During La Belle Époque in France, life seemed good, and for even the lowlifes of the nation it was possible to have a fine old time, as with the gang of Félix Leca (Claude Dauphin) who today have spent the afternoon boating on the river and now file into an open air dance to continue their fun. However, just as they are finding somewhere to sit, one of their number, Raymond (Raymond Bussières) bumps into a reformed old friend of his, a carpenter named Georges Manda (Serge Reggiani) who he nicknames Jo. One of the molls, Marie (Simone Signoret) takes an instant liking to him...
Which doesn't do much for her boyfriend, naturally, in this, the Jacques Becker film to receive the most adulation in his lifetime, though far from universally. Famously, Casque d'Or was a disaster in his home country, but someone must have had faith in it for it was released abroad and went onto great success, especially in Britain where it seemed to capture the image of La Belle France that went down a storm there. The sophistication, the louche qualities, the romance: it was all here, yet while this may have been purposefully nostalgic in its tone, it was by no means fluffy and rose tinted in its plotting.
Indeed, it built up to a very bleak ending, which made its themes of enjoying the good times while you could all the more noticeable. For Marie (who the film is named after, somewhat oddly, as her hair is supposed to resemble a golden helmet - not the most flattering description you would have thought but there you go) and Manda there is an instant attraction between them, but almost from the start it's heading for trouble, and not only for the couple but for all those around them. Just think: that chance meeting, which might never have happened at all if they hadn't been in that precise place and that precise moment, ends up in heartbreak, betrayal, murder and more death.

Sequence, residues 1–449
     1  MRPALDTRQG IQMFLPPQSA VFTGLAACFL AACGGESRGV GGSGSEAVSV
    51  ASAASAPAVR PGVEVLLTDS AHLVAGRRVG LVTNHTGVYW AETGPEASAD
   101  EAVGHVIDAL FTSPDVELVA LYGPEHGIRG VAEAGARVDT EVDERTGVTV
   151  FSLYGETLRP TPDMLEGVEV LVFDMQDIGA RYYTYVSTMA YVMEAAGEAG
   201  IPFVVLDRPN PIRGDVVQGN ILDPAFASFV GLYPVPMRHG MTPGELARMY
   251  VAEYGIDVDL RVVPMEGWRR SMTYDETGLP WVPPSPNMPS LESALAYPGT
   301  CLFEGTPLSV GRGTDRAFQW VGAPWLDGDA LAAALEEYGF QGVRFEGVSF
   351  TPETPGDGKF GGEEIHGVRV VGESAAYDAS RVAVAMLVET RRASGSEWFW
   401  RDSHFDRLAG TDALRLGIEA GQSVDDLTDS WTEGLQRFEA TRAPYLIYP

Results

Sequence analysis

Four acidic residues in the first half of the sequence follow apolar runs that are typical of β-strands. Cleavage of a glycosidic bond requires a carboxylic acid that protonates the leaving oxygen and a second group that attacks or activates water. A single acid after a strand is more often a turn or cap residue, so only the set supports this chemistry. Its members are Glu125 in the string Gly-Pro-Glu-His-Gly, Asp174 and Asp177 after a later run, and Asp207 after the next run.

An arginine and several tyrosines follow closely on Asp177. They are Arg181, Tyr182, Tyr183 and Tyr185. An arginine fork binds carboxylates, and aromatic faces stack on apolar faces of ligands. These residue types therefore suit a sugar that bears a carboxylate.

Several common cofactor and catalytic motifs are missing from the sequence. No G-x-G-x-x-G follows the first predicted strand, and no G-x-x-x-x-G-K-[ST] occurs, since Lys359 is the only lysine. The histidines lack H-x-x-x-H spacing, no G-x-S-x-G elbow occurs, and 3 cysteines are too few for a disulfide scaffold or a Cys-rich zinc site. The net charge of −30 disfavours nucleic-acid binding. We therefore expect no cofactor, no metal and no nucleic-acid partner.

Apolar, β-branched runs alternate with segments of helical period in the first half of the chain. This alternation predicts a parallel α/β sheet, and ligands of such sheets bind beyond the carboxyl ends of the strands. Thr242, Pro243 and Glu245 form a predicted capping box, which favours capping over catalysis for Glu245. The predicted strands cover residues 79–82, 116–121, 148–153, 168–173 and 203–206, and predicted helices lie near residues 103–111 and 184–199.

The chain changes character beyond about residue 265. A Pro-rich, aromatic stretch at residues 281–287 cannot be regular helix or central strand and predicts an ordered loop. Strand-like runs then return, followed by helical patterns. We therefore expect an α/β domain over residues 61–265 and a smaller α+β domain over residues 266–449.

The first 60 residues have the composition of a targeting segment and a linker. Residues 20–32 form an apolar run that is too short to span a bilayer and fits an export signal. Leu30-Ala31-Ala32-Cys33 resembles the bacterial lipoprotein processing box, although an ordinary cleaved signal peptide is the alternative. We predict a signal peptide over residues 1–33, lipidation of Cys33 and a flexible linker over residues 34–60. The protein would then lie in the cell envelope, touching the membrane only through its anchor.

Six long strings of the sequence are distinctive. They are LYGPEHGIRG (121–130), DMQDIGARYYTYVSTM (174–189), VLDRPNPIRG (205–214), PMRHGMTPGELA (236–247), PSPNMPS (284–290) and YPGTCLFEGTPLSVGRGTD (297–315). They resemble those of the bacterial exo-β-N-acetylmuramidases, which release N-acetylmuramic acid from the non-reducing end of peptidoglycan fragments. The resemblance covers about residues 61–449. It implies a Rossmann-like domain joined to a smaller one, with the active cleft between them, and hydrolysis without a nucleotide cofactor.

This should have made the film poignant, and in the views of many of its fans it did, but the way in which circumstances conspire to mess everyone up simply because one man fell in love with one woman spoke to a more cynical mood than Becker might have intended. He might have been tugging the heartstrings, and this was based on a true story, but the overwhelming sense of regret tended to muffle the swooning romance of the connection at the heart of the piece. You could ignore the unexpectedly scathing take on how corrosive people can be even when love is involved (a lot of characters get slapped in this, for example) because the manner it was mounted was so exquisite in recreating a golden age, but it was certainly there, in the background.
And growing more blatant as the story wound its way to its miserable conclusion. As if to say, no loving relationship can end well because it has to be broken off eventually, whether by fate, design or accident, Marie and Manda spend most of their love under pressure, first from her boyfriend's jealousy and then from the police when it all goes horribly wriong. That make hay while the sun shines element is keenly portrayed when Becker took his cast and crew out to the idyllic countryside, but even then the world outside the lovers' bond is always tangible, encroaching until impossible to dismiss and leads to tragedy, as much a tragedy for foiling what could have been a chance at happiness for two people very well suited to one another. Are we intended to think, well, at least they had those hours together where they could tell one another how they felt and bask in one another's emotions? Pretty cold comfort judging by the way this drew to a close. Music by Georges Van Parys.